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2 Cute 4 Words

In Defense of the Smiley

First published in The Village Voice, October 4, 1994

A spectre is haunting cyberspace, and it looks like this: :-).

That is to say, it looks like a cheerful face turned sideways (have another look, I'll wait), whence its name (smiley), and whence its primary function in the world of online textual discourse: it adds a grin to statements whose humor or sarcasm might otherwise be misread as fuel for yet another network-scorching war of e-words. There are frowneys too :-(, and winkeys ;-), and a host of other variations, known interchangeably as both smileys and "emoticons" -- and all of them dedicated to the proposition that e-mail, in its speed and spontaneity, is as much a form of conversation as of writing. It is the basic smiling smiley, however, that has proven the most useful and popular of the emoticons, and it is that same goofily benign countenance that seems now to haunt certain respected guardians of net.culture, who have set out to exorcise the spectre through a campaign of browbeating aimed at all net.citizens hapless enough to avail themselves of this latest addition to the family of punctuation marks.

They're spooked, in other words, though I only say so because I am otherwise at a loss to explain why anyone would feel compelled to beat their brow against such a handy and pacific device. Certainly the antismiley camp's own arguments are no help in dispelling the mystery. With the wearying predictability of tenure-damaged English professors, emoticonoclasts invariably deliver the same smug lecture whenever called upon to justify their disdain. Writing is writing, they insist, and humans have been using it successfully to convey humor and other emotional flavors for centuries without resort to smileys. And dammit, they add (raising their voices as the bell rings), if a prose style free of such emotionally flavorful gewgaws was good enough for Jonathan Swift and Charles Dickens, it's sure as hell good enough for you wretched online heirs to the Great Tradition. Class dismissed.

At which point, of course, their logic melts back into the thin air from which it was spun, since as even we wretched heirs know, Dean Swift et al. were hardly averse to reaching now and then for that emotionally flavorful gewgaw known as the exclamation point -- let alone for such fripperies as apostrophes, asterisks, spaces between words, and other innovations unknown to humans during the first wildly successful millennium or two of written communication.

We are left wondering whether the smileyphobes haven't simply lost sight of the historical dimension of writing altogether. Writing is writing, to be sure; but writing is also language bound to technology, and bound so tightly that changes in the technology of writing have always altered the nature of writing as well. Surely even the most heavily elbow-patched of English professors recognize at this late date that the invention of the printing press didn't simply create a new vessel into which to pour the ageless wine of written words -- it radically reorganized the social context, the psychological experience, and in short the very meaning of writing and reading. Likewise, it is surely no secret to anyone with a modem (the rest of you have my word on it) that the spread of computer networks is currently effecting changes in the nature of writing as sweeping as those wrought by Gutenberg's gadget.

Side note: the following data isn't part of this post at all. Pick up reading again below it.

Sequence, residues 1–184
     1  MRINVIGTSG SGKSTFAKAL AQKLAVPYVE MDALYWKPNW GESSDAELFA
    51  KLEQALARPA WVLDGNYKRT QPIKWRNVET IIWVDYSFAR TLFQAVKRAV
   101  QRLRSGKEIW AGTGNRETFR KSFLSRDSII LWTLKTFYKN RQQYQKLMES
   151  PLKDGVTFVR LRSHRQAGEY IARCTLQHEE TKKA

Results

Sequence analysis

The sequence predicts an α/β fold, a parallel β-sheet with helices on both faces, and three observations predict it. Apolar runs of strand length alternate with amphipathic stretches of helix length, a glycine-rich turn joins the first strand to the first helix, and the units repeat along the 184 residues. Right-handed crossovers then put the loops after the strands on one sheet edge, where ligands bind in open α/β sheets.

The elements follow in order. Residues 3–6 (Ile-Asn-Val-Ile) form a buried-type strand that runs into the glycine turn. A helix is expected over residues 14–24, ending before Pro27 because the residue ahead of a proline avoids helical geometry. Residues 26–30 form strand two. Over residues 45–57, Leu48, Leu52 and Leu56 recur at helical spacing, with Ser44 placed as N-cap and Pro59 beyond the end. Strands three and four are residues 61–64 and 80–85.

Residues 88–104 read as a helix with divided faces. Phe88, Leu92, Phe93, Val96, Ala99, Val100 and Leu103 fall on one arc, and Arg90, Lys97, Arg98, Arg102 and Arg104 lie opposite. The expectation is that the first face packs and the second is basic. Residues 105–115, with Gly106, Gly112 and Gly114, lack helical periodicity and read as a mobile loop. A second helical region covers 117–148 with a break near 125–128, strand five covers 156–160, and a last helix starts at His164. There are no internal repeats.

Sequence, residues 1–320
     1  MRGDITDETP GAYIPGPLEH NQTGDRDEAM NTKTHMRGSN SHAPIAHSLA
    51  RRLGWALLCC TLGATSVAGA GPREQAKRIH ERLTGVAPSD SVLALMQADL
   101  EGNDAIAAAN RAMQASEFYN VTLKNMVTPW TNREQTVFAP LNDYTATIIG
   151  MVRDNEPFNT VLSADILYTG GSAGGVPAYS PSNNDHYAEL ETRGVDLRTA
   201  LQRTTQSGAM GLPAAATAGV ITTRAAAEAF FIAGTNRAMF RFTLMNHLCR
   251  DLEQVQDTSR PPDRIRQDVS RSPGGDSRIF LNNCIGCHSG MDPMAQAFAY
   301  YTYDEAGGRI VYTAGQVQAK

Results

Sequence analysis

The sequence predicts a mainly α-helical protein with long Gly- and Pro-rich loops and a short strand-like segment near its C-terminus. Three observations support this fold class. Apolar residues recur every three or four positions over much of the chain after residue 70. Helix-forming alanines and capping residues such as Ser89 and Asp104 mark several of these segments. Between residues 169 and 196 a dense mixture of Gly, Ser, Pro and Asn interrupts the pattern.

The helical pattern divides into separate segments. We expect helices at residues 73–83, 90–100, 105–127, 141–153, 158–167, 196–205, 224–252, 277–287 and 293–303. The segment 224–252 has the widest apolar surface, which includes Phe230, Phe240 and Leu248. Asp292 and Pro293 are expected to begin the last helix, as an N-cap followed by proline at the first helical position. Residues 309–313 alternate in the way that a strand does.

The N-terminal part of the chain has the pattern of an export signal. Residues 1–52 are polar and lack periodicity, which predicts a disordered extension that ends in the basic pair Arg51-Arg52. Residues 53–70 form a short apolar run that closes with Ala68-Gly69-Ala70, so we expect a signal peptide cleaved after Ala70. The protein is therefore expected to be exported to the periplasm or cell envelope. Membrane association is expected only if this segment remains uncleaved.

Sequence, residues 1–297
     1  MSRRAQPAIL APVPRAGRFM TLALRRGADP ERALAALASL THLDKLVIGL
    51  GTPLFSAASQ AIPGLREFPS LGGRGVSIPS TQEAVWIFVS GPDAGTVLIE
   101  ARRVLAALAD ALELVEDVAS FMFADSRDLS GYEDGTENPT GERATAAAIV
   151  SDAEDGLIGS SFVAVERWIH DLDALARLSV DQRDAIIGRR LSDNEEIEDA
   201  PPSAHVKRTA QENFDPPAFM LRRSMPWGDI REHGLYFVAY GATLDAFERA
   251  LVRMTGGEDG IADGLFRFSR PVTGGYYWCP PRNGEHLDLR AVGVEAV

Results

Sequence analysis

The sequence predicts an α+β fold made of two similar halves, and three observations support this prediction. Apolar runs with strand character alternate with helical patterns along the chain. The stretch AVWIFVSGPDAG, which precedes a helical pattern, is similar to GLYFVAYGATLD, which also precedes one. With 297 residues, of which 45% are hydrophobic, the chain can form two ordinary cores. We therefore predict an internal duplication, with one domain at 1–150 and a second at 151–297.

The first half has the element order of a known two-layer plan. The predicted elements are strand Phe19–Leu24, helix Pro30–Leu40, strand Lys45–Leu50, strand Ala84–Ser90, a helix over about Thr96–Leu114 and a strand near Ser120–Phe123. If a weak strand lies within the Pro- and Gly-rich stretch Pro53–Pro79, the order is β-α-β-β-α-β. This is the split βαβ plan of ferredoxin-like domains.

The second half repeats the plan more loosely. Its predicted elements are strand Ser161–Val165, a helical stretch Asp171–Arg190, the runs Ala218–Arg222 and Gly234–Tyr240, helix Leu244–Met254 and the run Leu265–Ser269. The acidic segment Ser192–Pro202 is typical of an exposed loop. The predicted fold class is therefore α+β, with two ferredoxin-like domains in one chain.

Which only makes the opposition to emoticons that much more curious, for the leading lights of the antismiley campaign are not in fact some modemless cabal of lo-tek book-sniffers, but some of the hippest online observers of the networks' unfolding effects on human culture. Neal Stephenson, Wired magazine coverboy and author of the neocyberpunk classic "Snow Crash," published his canonical antismiley screed ("Smiley's People") a year ago in The New Republic; Mike Godwin, savvy legal counsel for the Electronic Frontier Foundation, followed with a broadside in Wired a few months later; and just three weeks ago, Peter H. Lewis, the New York Times's ace Internet watcher, tacked smileys onto a list of everything that is wrong with e-mail.

Why these otherwise sharp-eyed net.thinkers go myopic when they look at smileys is indeed a mystery, but I'm willing at this point to hazard a stab at the answer. As I said before: They're spooked. They've seen a ghost, and it's the ghost of a print-based cultural system in which trained intellectuals like themselves (like me) have figured more exaltedly than we are going to in the culture taking shape on the nets. The smiley may be just the newest punctuation mark, after all, but it's also a new kind of punctuation mark, and its novelty sends an unsettling signal to us professional wordsmiths. Graphically thrusting the human figure into the icon-free realm of alphabetic transparency, the smiley serves notice that from now on writing will be more intimately tied to the bodies that produce it -- more a matter of local, social interactions than of highly crafted texts designed to stand on their own.

We who craft texts for a living are not entirely unjustified, therefore, in fearing the smiley's message, and I can hardly blame my colleagues for wanting to browbeat the messenger. But in the end that's all they're doing, and I for one see no percentage in it. I'd rather try and find my place in the new culture as gracefully as I can, and preferably with a :-).